My top ten readings (summer break)

My family and I will be spending the weekend at Ormond Beach to celebrate the end of the school year, so I will be blogging less frequently, if at all, until Tuesday. (My youngest daughter’s last day of school was on Thursday.) In the meantime, below are some of the books, essays, and interviews — an eclectic collection assembled in alphabetical order by author — that I have recently read or will be reading during the weekend:

  1. Simon Beard’s biographical essay about Derek Parfit’s “Repugnant Conclusion”
  2. Samuel Bray, A student’s guide to the meanings of “equity” (via SSRN)
  3. Liam Kofi Bright, Why do scientists lie?
  4. Bryan Caplan, Why I am not an Austrian economist
  5. Tyler Cowen’s conversation with David Deutsch
  6. New Orleans District Attorney Jim Garrison’s 1967 Playboy interview
  7. John Morgan, Financing Public Goods by Means of Lotteries
  8. Haim Sandberg, What is legal innovation?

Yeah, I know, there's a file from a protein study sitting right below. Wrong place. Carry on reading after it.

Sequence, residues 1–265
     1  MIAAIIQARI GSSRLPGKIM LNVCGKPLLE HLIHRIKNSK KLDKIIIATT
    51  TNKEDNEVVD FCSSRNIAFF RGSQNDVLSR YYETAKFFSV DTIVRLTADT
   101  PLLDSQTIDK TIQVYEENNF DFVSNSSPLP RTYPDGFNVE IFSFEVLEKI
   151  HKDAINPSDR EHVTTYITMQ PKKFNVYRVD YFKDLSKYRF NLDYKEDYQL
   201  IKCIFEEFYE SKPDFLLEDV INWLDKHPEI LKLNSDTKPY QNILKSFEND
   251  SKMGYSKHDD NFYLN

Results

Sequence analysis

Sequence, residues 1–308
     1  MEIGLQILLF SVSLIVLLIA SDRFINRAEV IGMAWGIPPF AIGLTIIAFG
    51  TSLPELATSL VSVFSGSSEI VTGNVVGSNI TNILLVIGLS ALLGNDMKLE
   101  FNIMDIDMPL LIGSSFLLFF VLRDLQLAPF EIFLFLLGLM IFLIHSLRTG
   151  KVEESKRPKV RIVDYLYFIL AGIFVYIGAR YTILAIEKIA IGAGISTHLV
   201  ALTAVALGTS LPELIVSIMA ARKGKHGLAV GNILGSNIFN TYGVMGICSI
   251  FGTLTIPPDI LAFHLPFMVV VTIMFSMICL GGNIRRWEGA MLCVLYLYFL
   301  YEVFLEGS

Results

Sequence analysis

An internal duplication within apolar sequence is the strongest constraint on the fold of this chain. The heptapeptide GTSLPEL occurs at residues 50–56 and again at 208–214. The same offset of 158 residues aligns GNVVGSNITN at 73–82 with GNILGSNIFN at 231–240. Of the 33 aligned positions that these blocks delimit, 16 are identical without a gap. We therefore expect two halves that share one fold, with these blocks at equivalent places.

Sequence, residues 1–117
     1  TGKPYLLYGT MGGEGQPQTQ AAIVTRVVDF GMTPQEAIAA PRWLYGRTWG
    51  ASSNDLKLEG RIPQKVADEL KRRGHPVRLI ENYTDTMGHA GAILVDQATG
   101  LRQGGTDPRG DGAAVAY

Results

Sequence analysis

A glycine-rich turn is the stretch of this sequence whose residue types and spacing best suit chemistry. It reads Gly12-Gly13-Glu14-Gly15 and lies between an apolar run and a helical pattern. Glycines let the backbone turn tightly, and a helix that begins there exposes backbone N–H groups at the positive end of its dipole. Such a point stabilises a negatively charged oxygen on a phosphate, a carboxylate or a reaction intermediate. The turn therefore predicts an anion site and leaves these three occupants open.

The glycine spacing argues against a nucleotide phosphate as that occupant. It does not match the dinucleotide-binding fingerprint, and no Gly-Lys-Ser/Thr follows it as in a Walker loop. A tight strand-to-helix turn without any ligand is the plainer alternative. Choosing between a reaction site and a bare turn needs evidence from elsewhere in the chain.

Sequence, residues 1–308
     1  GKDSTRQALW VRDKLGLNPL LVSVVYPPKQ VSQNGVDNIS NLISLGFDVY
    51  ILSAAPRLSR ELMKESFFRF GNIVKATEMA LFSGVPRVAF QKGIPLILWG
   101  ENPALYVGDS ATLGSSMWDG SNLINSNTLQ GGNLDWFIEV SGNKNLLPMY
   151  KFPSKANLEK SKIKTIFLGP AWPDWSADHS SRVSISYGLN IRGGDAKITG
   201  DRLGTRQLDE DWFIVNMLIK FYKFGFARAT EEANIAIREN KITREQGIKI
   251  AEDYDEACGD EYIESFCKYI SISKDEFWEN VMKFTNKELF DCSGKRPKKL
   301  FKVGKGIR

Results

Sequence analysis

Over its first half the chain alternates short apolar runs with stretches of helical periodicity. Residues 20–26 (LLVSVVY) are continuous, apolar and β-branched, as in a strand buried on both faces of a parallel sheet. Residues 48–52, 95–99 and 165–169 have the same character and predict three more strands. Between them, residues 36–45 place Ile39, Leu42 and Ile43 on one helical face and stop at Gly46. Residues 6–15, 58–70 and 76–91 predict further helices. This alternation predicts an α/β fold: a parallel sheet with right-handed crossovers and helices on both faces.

9. Robert Sanger, Gettier in a court of law (re-read)
  10. David Wrone, The Zapruder Film: Reassessing JFK’s Assassination (book cover pictured below)
The Zapruder Film: Reframing JFK's Assassination: Wrone, David R.:  9780700619436: Books

About F. E. Guerra-Pujol

When I’m not blogging, I am a business law professor at the University of Central Florida.
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1 Response to My top ten readings (summer break)

  1. I read Caplan’s essay last year. He makes some excellent arguments. I adhere to a weird mixture of various strains of market-oriented political economy. I personally cannot completely dismiss the Austrian school. Caplan’s wrong about time preference. That is one of his general arguments against the Austrians I have the most trouble accepting.

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